Learning rates for least-squares regression are typically expressed in terms of $L_2$-norms. In this talk we  extend these rates to norms stronger than the $L_2$-norm for kernel-based regression schemes without requiring the regression function to be contained in the hypothesis space. In the special case of Sobolev reproducing kernel Hillbert spaces used as hypotheses spaces, these stronger norms coincide with fractional Sobolev norms between the used Sobolev space and $L_2$. As a consequence, not only the target function but also some of its derivatives can be estimated without changing the algorithm. From a technical point of view, we combine the well-known integral operator techniques with an embedding property, which so far has only been used in combination with empirical process arguments. This combination results in new finite sample bounds with respect to the stronger norms. From these finite sample bounds our rates easily follows. Finally, we prove the asymptotic optimality of our results in many cases.

Damien Garreau:  Comparison-Based Random Forests

Assume we are given a set of items from a general metric space, but we neither have access to the representation of the data nor to the distances between data points. Instead, suppose that we can actively choose a triplet of items (A, B, C) and ask an oracle whether item A is closer to item B or to item C. In this talk, I will present a novel random forest algorithm for regression and classification that relies only on such triplet comparisons.

Christina Göpfert: When can unlabeled data improve the learning rate?

In semi-supervised classification, one is given access both to
labeled and unlabeled data. As unlabeled data is typically cheaper to
acquire than labeled data, this setup becomes advantageous as soon as
one can exploit the unlabeled data in order to produce a better
classifier than with labeled data alone. However, the conditions under
which such an improvement is possible are not fully understood. In my
talk, I focus on improvements in the minimax learning rate in terms of
the number of labeled examples (with the number of unlabeled examples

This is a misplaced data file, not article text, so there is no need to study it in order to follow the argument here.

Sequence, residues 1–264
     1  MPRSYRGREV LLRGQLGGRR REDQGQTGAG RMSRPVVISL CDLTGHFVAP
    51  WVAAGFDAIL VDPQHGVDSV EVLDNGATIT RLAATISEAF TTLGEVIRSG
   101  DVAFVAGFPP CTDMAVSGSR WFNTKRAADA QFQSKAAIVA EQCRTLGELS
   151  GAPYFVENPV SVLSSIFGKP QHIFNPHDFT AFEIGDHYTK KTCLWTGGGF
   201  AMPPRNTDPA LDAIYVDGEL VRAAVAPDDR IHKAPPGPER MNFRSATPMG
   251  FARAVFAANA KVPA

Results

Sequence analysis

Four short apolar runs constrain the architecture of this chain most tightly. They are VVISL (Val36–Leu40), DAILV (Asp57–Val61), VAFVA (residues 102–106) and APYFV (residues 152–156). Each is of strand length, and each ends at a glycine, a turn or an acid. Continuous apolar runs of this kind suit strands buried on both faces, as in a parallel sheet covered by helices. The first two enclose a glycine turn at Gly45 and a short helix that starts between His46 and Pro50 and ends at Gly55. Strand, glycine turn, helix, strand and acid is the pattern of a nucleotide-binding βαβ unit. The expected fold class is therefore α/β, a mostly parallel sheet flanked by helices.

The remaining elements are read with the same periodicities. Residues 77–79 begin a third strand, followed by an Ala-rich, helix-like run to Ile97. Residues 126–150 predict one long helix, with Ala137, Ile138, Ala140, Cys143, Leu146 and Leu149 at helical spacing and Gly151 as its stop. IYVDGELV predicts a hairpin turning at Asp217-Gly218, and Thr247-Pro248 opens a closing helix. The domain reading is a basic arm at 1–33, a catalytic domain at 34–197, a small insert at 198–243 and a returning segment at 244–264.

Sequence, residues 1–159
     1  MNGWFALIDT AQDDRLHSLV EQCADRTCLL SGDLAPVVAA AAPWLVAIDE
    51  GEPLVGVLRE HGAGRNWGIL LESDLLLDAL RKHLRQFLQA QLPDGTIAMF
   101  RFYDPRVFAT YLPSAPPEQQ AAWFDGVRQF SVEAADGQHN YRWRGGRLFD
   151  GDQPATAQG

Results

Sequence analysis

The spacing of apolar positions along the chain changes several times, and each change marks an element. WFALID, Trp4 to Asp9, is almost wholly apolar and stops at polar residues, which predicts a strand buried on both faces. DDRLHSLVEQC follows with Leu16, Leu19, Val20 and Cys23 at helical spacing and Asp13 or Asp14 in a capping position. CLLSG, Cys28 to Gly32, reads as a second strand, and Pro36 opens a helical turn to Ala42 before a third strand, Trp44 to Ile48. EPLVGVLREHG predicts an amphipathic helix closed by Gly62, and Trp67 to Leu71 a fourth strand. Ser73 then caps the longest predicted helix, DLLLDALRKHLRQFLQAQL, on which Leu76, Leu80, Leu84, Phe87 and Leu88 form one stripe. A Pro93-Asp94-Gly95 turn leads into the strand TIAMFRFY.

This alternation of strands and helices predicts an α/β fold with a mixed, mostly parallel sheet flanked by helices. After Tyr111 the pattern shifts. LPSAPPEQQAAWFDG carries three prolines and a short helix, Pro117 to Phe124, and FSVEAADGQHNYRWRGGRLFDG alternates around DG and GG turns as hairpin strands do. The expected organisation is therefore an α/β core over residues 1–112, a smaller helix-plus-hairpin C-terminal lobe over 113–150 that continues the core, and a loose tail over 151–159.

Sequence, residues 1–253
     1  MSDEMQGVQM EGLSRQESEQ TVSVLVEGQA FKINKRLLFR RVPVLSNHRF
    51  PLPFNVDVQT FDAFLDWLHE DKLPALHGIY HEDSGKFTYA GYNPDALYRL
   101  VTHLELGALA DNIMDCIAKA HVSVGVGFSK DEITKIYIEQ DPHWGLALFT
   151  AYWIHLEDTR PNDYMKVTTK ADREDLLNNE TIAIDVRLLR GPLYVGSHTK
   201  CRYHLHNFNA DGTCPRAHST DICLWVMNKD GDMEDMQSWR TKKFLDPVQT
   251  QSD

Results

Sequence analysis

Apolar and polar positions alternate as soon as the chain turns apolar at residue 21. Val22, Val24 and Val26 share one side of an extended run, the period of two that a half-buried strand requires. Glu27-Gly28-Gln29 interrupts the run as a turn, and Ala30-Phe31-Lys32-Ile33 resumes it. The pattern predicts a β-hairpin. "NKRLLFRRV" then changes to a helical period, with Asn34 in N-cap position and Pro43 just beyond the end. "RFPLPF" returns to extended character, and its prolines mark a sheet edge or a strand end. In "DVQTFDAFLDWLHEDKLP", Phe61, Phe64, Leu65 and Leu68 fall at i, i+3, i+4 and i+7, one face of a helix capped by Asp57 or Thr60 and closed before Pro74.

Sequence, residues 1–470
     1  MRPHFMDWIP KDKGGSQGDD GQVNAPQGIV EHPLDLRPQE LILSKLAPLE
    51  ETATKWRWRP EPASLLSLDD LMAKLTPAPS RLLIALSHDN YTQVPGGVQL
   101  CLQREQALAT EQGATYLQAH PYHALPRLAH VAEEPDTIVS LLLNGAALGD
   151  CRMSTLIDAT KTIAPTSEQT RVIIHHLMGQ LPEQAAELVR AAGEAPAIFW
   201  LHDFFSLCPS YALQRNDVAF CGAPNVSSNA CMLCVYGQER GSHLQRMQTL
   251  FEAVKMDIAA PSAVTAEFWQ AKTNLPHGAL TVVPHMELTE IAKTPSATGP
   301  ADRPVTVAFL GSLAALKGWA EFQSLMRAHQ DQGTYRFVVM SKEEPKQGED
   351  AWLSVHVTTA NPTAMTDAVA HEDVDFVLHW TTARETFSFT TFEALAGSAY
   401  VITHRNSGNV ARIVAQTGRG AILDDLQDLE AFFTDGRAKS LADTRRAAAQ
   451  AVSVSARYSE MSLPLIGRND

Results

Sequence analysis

being allowed to depend on the number of labeled ones). I will discuss
possible pitfalls in demonstrating such improvements, conditions under
which an improvement of rates is provably impossible, and give examples
of improvements from 1/sqrt{l} to 1/l or exponential rates.

Anna Korba: Maximum Mean Discrepancy Gradient Flow

We construct a Wasserstein gradient flow of the maximum mean discrepancy (MMD) and study its convergence properties. 

The MMD is an integral probability metric defined for a reproducing kernel Hilbert space (RKHS), and serves as a metric on probability measures for a sufficiently rich RKHS. We obtain conditions for convergence of the gradient flow towards a global optimum, that can be related to particle transport when optimizing neural networks. 
We also propose a way to regularize this MMD flow, based on an injection of noise in the gradient. This algorithmic fix comes with theoretical and empirical evidence. The practical implementation of the flow is straightforward, since both the MMD and its gradient have simple closed-form expressions, which can be easily estimated with samples.

Nicole Mücke: Global Minima of DNNs: The Plenty Pantry

A common strategy to train deep neural networks (DNNs) is to use very large architectures and  to train them until they (almost) achieve   zero training error. Empirically observed good generalization performance on test data, even in the presence of lots of  label noise, corroborate such a procedure.